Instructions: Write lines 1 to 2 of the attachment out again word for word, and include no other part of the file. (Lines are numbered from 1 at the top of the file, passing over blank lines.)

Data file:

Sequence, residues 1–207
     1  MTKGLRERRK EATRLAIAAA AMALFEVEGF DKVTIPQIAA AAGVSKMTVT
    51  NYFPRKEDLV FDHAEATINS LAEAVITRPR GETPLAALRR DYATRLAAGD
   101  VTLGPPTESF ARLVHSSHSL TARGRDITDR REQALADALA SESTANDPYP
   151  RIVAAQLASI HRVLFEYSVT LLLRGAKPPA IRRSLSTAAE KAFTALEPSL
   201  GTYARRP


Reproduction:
Sequence, residues 1–207
     1  MTKGLRERRK EATRLAIAAA AMALFEVEGF DKVTIPQIAA AAGVSKMTVT